INDIANAPOLIS -- Indiana University Cancer Center is investigating a new vaccine for treating prostate cancer that has spread beyond the prostate gland.
Vaccination against disease is not a new concept, but in the arena of cancer therapies it is viewed as a possible way to kill malignant cells without damaging healthy cells. In this case, the therapy holds promise because it provides an avenue for treating the malignant cells before they become symptomatic.
Participants in the trial are men who have already undergone surgery or radiation therapy for prostate cancer. Subsequent blood tests for prostate specific antigen indicated their cancer has spread. PSA is produced by the prostate, but patients enrolling in this trial have had their prostates removed or treated with radiation so their PSA levels should be very low or undetectable. Participants in the trial must have no symptoms or findings of disease recurrence other than the elevated PSA.
"Because of the PSA blood test, recurrence of prostate cancer can be detected at an earlier stage than it could be previously," said Christopher Sweeney, M.D., an oncologist at the IU School of Medicine and one of the physicians treating trial participants. "It is hoped the vaccine will boost the patient's immune system and eliminate the cancer while it is still at a low level in the body."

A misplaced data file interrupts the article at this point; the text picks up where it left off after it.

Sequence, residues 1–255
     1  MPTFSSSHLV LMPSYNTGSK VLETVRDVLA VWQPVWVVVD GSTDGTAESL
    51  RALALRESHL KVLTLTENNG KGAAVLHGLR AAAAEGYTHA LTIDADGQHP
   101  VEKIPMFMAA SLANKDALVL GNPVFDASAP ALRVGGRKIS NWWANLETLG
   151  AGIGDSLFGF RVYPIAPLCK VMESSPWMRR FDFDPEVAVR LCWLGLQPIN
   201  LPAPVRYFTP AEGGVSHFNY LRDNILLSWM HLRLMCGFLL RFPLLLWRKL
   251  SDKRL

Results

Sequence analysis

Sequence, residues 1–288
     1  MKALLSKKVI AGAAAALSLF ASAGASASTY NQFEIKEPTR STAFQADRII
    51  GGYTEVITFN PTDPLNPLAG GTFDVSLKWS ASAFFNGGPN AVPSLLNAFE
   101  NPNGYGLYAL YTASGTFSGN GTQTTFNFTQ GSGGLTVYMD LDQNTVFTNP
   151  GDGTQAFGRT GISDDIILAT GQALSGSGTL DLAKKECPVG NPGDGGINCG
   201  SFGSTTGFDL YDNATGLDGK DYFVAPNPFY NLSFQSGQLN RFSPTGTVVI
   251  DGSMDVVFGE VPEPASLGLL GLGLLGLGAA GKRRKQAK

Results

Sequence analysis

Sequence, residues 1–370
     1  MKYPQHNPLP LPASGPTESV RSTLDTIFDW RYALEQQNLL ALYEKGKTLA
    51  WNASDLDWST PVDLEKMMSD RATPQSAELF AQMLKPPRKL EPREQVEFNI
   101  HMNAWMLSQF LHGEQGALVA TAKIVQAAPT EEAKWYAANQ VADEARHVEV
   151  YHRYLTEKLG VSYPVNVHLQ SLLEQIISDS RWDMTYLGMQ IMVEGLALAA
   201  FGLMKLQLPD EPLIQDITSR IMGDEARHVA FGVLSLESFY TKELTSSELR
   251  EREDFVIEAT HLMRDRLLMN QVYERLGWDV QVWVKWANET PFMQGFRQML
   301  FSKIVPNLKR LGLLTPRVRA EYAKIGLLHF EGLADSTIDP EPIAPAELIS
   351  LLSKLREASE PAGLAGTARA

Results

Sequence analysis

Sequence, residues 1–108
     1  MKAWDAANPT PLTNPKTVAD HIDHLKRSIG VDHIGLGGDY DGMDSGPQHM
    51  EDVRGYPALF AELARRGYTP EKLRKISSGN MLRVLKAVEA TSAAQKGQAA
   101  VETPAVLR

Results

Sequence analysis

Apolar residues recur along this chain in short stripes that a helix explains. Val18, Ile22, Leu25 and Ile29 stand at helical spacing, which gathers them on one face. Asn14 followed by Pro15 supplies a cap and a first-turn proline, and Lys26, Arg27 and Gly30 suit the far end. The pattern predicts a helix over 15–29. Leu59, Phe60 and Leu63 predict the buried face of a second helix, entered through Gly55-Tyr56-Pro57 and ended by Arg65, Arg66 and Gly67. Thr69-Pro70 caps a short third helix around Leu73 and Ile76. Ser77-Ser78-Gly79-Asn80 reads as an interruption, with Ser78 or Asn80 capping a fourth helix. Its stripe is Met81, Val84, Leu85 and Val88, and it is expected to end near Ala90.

Two vaccines are being tested to determine which treatment regimen is most effective. One uses the vaccinia virus, a relatively harmless virus used in smallpox vaccines, and the second uses the fowlpox vaccine. Both are genetically altered viruses that have been changed to express human PSA. The PSA-bearing virus is attacked by the human immune system and, ideally, the body simultaneously will attack the PSA tumor cells.
Patients are treated with four injections six weeks apart and then followed for at least six months to determine if the PSA tumor cells were eradicated. The IU Cancer Center is one of five sites nationwide enrolling patients for the Phase II trial. The trial is sponsored by the Eastern Cooperative Oncology Group, a national cancer clinical trial cooperative group funded by the National Cancer Institute.
People seeking additional information or who want to enroll in the trial may call Karen Fife at 317-274-2552.
The above story is based on materials provided by Indiana University. Note: Materials may be edited for content and length.
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